Histories of the Viking Age
February 15, 2011 1:23 PM   Subscribe

Can you recommend an accessible history of the Viking Age to complement a vacation to Iceland, the Faroes, and Norway?

I'm going on a trip this summer to Norway with a few days enroute in Iceland and the Faroes. Before trips like this I enjoy reading as much as I can on the background of the place, particularly the history. For this trip the defining moment seems to be the Viking expansion, 800 to 1100, so I'd like to learn more about it. (For bonus points, I'm interested in the later history too, the Viking stuff just looks like the most fun.)

I'm looking for intelligent reading that's also entertaining enough not to feel like work. Something about the level of Guns, Germs and Steel. The Fatal Shore was the perfect book like this for Australia; The Perfect Heresy and Seven Ages of Paris were great for a recent trip to Paris.
posted by Nelson to Society & Culture (14 answers total) 17 users marked this as a favorite
 
I don't think you can do better than to read the Sagas. I can recommend this translation. It's not complete, but it has a good selection.
posted by bricoleur at 1:53 PM on February 15, 2011 [1 favorite]


But the Sagas aren't the same as the historical record, and a good historical survey picks out how they relate to other sources and the archaeological record. Some of the most fascinating evidence comes from other civilisations' encounters with Vikings -- as far-flung as the Byzantines and Abbasids -- and they don't make it into the sagas.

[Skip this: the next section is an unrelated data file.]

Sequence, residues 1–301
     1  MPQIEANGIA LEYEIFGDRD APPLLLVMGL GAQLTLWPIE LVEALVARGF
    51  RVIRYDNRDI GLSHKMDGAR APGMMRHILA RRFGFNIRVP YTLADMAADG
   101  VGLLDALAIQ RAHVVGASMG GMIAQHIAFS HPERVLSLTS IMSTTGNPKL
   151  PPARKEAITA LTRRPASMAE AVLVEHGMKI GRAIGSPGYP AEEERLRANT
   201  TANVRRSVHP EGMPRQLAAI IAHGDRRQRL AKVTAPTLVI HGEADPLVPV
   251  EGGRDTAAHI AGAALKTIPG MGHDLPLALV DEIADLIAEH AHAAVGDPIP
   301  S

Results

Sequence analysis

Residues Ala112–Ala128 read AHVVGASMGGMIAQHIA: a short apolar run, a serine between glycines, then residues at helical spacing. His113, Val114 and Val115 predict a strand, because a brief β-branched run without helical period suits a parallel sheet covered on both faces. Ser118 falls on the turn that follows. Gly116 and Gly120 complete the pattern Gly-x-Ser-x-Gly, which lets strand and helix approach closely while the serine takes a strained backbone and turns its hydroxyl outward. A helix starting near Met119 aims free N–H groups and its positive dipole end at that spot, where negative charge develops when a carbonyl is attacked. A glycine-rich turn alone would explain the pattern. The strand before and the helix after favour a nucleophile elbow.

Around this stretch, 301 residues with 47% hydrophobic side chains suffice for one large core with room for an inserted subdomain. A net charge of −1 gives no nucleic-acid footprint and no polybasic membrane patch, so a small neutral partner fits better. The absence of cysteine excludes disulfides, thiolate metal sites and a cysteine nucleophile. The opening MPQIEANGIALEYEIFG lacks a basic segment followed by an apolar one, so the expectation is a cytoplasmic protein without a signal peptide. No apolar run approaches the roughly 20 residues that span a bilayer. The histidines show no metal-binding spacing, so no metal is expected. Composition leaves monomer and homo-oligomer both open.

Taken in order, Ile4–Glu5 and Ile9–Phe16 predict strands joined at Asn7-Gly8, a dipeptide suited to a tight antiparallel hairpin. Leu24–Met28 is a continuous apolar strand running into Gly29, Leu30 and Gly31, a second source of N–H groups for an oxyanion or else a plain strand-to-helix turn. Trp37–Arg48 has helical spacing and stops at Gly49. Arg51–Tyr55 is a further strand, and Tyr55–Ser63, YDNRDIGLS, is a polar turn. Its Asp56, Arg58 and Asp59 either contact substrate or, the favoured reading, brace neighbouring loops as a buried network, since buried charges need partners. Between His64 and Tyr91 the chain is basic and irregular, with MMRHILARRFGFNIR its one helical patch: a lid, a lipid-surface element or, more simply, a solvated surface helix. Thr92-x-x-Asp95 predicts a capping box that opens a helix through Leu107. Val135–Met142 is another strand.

This is a tricky one. The standard chunky one-volume texts -- Gwyn Jones, Else Roesdahl, Foote & Wilson, etc. -- are possibly a bit too dry and scholarly; more accessible narrative histories, such as Magnus Magnusson's 1980 book, or Robert Ferguson's recent work, can be a bit scatterdash. The advantage of the chunky 1-vols is that they shouldn't be hard to find in libraries.
posted by holgate at 2:16 PM on February 15, 2011


I've heard good things about the Magnusson book. The Sagas are a good bet, though. Egil's Saga and Njal's Saga are probably the best places to start. Mind you, Icelanders also wrote historical works in the middle ages, most notably Heimskringla and Sverris Saga, about Norwegian kings. And contemporary non-fiction, which was later collated into Sturlunga Saga, which deals with the Icelandic civil war of the 12th and 13th centuries.